This is the story of my experiences living as an ex-pat in Mexico since 2003. It's to culminate in a published book. With your help, I'll be editing, selecting a title, and cover art: a participatory project. Your comments encouraged!

Letters from Mexico

Letters - Where Expats Blog

The Silver City

May 25, 2019

City views

Views of Taxco, Mexico. Left, from a cable car. Right, from the terrace of a restaurant. Photos by Don Karp

Taxco, pronounced Tasko, is noted for its finely crafted silver. It's another "magic city," and is located in central Mexico, about an hour and a half ride south from Cuernavaca.

The buildings are all white, built one atop the other, and winding up the mountainside. This reminds me of Greece. My friend Jake, who produced the blog in this series on Acapulco, kindly invited me to visit him.

As the story goes, the original natives mined silver. The Aztecs told Cortez about this, and he invaded and conquered them, taking over the mining operation. The full name of the city, Taxco de Alarcón, comes from the name of the revered  writer Juan Ruiz de Alarcón who was a native of the town.

Taxco, Mexico. Statue of Juan Ruiz de Alarcón. As a revered writer who lived there, his name was affectionately  attached to the town's name. Photo by Don Karp

In the mid 18th century, José de la Borda arrived to Taxco and started more modern operations in the silver mines. At one time, he was the richest person in Mexico. He funded building of churches and set up many museums, giving back to enrich the public.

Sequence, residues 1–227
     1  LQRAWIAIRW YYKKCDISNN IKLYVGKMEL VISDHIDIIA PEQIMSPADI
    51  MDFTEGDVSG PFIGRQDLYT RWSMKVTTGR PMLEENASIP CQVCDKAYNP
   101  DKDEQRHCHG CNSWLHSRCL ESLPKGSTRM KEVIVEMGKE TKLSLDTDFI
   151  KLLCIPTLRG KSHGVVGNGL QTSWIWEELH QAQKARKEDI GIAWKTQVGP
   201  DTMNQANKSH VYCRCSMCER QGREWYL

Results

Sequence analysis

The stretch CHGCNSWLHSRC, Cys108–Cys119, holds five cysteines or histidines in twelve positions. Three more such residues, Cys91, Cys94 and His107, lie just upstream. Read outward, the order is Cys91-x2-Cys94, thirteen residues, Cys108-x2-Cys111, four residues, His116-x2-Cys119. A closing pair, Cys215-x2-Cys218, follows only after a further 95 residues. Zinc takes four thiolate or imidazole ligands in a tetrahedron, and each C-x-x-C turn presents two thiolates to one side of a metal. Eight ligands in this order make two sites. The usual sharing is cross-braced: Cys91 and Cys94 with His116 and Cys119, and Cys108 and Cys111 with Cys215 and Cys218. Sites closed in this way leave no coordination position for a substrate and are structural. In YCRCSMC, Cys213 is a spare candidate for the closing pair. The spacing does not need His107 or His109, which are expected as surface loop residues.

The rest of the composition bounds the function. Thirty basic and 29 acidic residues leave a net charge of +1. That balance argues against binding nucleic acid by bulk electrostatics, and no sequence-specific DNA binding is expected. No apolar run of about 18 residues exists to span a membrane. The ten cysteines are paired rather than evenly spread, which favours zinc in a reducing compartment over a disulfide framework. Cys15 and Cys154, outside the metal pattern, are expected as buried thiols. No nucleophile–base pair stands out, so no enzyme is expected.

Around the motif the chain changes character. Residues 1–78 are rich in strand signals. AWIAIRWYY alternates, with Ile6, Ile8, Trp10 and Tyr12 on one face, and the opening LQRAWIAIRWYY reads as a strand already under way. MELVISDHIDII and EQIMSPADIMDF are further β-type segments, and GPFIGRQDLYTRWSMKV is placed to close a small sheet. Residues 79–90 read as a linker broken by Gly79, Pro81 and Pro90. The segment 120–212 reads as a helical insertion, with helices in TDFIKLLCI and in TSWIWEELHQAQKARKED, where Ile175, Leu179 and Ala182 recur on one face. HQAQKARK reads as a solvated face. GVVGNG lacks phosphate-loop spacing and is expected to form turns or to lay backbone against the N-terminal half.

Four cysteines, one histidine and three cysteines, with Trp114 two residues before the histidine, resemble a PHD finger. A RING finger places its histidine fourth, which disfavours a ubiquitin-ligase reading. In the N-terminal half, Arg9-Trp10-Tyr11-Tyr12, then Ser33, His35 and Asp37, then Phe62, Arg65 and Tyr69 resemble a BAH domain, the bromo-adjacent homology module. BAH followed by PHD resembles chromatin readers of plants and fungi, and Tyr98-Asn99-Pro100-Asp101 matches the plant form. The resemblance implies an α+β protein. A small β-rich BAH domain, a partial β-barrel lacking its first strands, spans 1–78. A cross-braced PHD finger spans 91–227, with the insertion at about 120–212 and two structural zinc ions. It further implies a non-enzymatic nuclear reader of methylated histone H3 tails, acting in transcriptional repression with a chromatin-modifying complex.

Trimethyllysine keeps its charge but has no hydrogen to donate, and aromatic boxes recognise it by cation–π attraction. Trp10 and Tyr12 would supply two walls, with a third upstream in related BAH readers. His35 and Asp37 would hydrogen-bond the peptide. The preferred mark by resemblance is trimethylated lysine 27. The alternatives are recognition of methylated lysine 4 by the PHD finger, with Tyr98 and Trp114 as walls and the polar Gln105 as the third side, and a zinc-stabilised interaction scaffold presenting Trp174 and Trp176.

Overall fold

Taxco, Mexico. Statue of José de la Borda (top), and two views of the main church that he built in Taxco. Photo by Don Karp

In 1931, William Spratling came from the US to Taxco to reestablish the silver industry. He was an artist and silver designer who had a great influence on Mexican silver design. His work was a combination of Mexican indigenous and art deco. You can visit the museum created in his honor to see his work. His home is open to the public.

On top of the city's mountain is a huge statue of Jesus. It's visible from the road entering the city. During the large earthquake of 2018, the left hand of the statue dislodged, and wasn't yet repaired during my visit.

Taxco, Mexico. Statue of Jesus high atop the city. Photo by Don Karp

The streets in Taxco are steep and narrow, with no sidewalks.

Taxco, Mexico. My friend Jake walking on two different narrow streets. Photo by Don Karp

Jake, Nancy, and I took a taxi to the caves of Cacahuamilpa. This was a 45 minute ride. I'd never been to a large cave system like this before, and it was a thrilling experience for me. Since my youth, I'd been attracted to caves, volcanoes, and things underground.

This site offers many venues to explore, including underground rivers. I was excited to go on the tour of the main cave system, with 100 foot high ceilings, and with stalactites and stalagmites.

At the beginning of the tour, I met an interesting man who spoke English fairly well. Iran Sandoval and I became friends. Coming from northern Mexico, he was traveling with his dad and a friend. Below are two videos: one is made from photos by Iran with his iPhone, the other by me made using my small point and shoot Cannon.

Taxco, Mexico. Caves of Cacahuamilpa. Video and photos by Don Karp

Taxco, Mexico. Caves of Cacahuamilpa. Video by Don Karp, Photos by Iran Sandoval

What are your thoughts on Taxco?

My travels have increased lately, and my credit card has been stretched. One idea I have for paying for future travel is to buy silver jewelry (or items for crafters, like silver nuggets, wire, or chain) and carry them into the US to sell to wholesalers. I'd need to develop a list with photos and prices, and then find prospective wholesale buyers in the US cities that I want to visit. It's a project!

Any ideas, references, or even encouragement is appreciated.

Taxco, Mexico.The video shows how this works with pedestrians and traffic. Video by Don Karp